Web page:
DOL at it Again: New Proposed Rules Published to Clarify Regular Rate

01 April 2019 Labor & Employment Law Perspectives Blog
Author(s): Scott T. Allen

On March 28, 2019, the U.S. Department of Labor (DOL) announced a new proposed rule that would clarify that certain payments and benefits provided by employers do not factor in to employees’ “regular rate,” which is used to calculate overtime pay.

This latest announcement is on top of a flurry of recent activity from DOL in March 2019, including another proposed rule to increase the minimum salary threshold required for most “exempt” employees and three opinion letters on family and medical leave and wage and hour issues.

“Non-exempt” employees who are entitled to overtime under the Fair Labor Standards Act (FLSA) generally must be paid at least one and one-half times their “regular rate” of pay for all hours worked beyond 40 hours each workweek.

However, calculating the regular rate is complicated when considering whether bonuses, paid time off, travel reimbursement, and other forms of compensation and benefits must be included in the employee’s base pay for the purposes of calculating overtime. (Employers that fail to include any of these required payments into the regular rate may be liable for unpaid overtime.)

The proposed rule is intended to avoid discouraging employers from offering perks and benefits to employees by eliminating uncertainty as to whether such benefits must be included in the regular rate – by clarifying which types of benefits and payments are excluded. According to DOL, this proposed rule will bring the existing rules, which have not been updated for decades, in line with “today’s workplace practices.”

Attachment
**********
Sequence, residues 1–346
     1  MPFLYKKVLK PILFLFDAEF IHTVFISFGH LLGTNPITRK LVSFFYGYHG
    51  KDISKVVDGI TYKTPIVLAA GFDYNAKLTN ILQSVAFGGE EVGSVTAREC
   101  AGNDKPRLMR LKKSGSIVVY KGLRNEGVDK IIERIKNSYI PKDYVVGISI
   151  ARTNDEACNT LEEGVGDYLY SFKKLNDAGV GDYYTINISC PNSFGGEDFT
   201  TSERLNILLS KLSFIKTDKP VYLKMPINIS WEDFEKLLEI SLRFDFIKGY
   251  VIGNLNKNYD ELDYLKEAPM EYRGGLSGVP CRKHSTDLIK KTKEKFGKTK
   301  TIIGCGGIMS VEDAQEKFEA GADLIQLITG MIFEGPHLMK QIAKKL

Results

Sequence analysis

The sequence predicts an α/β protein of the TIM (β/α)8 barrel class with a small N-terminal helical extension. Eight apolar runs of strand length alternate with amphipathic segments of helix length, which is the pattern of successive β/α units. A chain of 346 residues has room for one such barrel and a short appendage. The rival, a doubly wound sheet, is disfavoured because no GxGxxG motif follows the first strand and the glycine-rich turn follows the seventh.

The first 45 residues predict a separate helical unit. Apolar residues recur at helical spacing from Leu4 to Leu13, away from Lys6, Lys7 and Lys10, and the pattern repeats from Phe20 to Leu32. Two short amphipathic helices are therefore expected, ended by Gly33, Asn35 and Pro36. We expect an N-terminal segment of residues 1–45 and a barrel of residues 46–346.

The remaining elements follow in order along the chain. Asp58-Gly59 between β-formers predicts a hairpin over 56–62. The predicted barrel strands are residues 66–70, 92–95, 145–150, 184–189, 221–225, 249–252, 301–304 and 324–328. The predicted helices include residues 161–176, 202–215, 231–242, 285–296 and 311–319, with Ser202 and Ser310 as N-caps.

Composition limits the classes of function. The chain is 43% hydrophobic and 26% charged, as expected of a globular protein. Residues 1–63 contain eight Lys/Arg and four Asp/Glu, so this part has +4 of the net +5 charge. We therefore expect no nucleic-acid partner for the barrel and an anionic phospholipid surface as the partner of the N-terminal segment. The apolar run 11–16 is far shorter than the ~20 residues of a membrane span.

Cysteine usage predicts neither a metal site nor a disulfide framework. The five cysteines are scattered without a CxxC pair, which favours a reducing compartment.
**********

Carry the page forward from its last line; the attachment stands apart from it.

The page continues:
Specifically, DOL’s regulations would clarify that the following are excluded from an employee’s regular rate when calculating overtime:

  • The cost of providing wellness programs, onsite specialist treatment, gym access and fitness classes, and employee discounts on retail goods and services;
  • Payments for unused paid leave, including paid sick leave;
  • Reimbursed expenses, even if not incurred “solely” for the employer’s benefit;
  • Reimbursed travel expenses that do not exceed the maximum travel reimbursement permitted under the Federal Travel Regulation System regulations and that satisfy other regulatory requirements;
  • Discretionary bonuses;
  • Benefit plans, including accident, unemployment, and legal services; and
  • Tuition programs, such as reimbursement programs or repayment of educational debt.

The proposed rules will also clarify other issues, such as when meal periods and “on call” time must be paid.

Employers should keep in mind that this latest proposal is not the law yet and will not take effect until a final rule is implemented, a process which normally takes many months. While greater clarity in this area will be welcome, DOL’s current rules remain in effect for the time being.

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